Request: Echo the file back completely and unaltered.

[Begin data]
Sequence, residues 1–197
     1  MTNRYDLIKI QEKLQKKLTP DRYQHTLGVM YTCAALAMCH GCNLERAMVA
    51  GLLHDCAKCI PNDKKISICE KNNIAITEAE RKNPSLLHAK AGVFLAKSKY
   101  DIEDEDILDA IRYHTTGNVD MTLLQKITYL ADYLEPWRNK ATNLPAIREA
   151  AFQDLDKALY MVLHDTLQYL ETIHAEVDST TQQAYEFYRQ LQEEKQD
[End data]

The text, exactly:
Sequence, residues 1–197
     1  MTNRYDLIKI QEKLQKKLTP DRYQHTLGVM YTCAALAMCH GCNLERAMVA
    51  GLLHDCAKCI PNDKKISICE KNNIAITEAE RKNPSLLHAK AGVFLAKSKY
   101  DIEDEDILDA IRYHTTGNVD MTLLQKITYL ADYLEPWRNK ATNLPAIREA
   151  AFQDLDKALY MVLHDTLQYL ETIHAEVDST TQQAYEFYRQ LQEEKQD